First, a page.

Fact Tank May. 19, 2015

Growing share of U.S. immigrants have no religious affiliation

One-in-five immigrants identified themselves as unaffiliated in 2014, an increase of 4 percentage points from the 16% who said so in 2007.

Fact Tank May. 18, 2015

Mainline Protestants make up shrinking number of U.S. adults

In recent years, the share of Americans who identify with mainline Protestantism has been shrinking significantly, a trend driven partly by generational change.

Fact Tank May. 15, 2015

Compared with other Christian groups, evangelicals’ dropoff is less steep

One big reason evangelical Protestants have not declined at the same rate as other major Christian groups is that they are gaining new converts at a greater rate than they are losing people who were raised in the tradition.

Fact Tank May. 13, 2015

A closer look at America’s rapidly growing religious ‘nones’

The growth of the religiously unaffiliated in the U.S. is occurring across genders, generations and racial and ethnic groups.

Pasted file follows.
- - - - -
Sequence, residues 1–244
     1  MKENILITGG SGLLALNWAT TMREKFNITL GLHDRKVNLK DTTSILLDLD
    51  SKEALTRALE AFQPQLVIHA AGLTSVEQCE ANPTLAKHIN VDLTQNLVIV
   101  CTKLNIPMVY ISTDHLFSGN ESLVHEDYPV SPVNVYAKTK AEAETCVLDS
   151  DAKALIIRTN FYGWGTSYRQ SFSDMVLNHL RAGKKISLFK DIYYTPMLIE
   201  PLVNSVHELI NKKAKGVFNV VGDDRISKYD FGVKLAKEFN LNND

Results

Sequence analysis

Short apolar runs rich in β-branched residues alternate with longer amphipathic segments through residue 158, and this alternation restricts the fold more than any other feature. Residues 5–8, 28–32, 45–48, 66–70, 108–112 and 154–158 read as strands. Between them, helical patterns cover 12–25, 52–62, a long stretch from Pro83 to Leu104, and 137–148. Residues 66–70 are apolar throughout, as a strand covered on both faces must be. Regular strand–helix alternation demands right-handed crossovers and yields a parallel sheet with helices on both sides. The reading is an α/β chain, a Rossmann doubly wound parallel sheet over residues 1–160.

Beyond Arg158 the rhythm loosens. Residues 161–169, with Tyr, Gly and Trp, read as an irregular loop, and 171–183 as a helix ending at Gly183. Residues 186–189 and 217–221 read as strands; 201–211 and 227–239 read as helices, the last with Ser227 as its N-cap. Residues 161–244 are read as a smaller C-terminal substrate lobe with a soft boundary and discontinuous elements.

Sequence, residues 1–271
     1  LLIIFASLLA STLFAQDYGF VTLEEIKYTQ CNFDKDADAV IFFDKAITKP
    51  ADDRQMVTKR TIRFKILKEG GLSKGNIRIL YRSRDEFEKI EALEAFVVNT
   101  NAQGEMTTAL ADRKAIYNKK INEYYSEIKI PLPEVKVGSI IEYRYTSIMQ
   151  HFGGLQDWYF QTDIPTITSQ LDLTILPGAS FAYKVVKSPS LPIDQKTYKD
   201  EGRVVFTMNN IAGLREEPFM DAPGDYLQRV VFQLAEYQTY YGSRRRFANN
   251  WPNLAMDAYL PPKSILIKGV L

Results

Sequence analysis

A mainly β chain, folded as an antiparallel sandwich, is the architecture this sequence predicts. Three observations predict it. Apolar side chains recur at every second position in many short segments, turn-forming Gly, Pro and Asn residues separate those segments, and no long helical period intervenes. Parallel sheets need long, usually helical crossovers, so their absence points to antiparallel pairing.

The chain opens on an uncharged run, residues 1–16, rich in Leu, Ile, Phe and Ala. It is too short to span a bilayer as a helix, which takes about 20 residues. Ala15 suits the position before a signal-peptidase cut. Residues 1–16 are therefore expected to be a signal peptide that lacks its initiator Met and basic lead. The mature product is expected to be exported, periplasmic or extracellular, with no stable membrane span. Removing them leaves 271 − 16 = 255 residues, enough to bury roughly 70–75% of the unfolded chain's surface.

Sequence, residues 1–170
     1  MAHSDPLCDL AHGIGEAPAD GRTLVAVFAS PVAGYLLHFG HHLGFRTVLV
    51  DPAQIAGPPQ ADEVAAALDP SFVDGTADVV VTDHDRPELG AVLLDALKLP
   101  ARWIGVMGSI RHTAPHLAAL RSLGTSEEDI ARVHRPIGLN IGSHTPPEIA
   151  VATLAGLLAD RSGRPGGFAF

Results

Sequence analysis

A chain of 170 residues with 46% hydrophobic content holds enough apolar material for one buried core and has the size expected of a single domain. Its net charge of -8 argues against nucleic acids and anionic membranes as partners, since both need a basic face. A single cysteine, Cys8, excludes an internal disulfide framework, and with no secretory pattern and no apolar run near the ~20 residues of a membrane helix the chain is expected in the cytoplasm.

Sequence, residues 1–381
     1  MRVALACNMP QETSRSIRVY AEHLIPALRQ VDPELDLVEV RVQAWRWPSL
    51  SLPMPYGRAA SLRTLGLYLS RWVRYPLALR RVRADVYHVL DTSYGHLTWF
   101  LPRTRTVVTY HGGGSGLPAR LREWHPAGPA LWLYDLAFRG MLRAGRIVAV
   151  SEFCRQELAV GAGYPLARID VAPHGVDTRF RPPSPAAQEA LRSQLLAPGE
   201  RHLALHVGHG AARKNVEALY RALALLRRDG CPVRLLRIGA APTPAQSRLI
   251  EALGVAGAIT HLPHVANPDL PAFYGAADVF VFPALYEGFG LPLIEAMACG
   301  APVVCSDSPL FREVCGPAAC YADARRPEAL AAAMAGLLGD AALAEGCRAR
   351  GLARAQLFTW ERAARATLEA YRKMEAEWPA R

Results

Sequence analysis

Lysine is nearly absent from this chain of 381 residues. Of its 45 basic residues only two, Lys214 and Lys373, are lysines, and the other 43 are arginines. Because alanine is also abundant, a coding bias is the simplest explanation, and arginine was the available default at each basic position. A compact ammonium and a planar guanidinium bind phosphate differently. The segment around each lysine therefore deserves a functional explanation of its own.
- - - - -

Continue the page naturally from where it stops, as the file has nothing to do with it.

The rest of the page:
Fact Tank May. 12, 2015

Millennials increasingly are driving growth of ‘nones’

The 35% of Millennials who do not identify with a religion is double the share of unaffiliated Baby Boomers (17%) and more than three times the share of members of the Silent generation (11%).

Fact Tank May. 12, 2015

5 key findings about the changing U.S. religious landscape

Christians are declining, both as a share of the U.S. population and in total number, while religious “nones” continue to rise.

Religion May. 12, 2015

America’s Changing Religious Landscape

The Christian share of the U.S. population is declining, while the share of Americans who do not identify with any organized religion is growing. These changes affect all regions in the country and many demographic groups.

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Religion May. 12, 2015

Religious Landscape Study

Explore the geographic distribution and demographics of America’s major religious groups.

Fact Tank Apr. 23, 2015

Why Muslims are the world’s fastest-growing religious group

By 2050, they are expected to make up about three-in-ten of the world’s people, owing in part to relatively high fertility and low median age.

U.S. Politics Apr. 22, 2015

Would Iran Deal Imperil Jews’ Loyalty to Democratic Party?

Republicans have become much stronger backers of Israel than Democrats over the years, yet American Jews have remained Democrats for the most part, writes Andrew Kohut.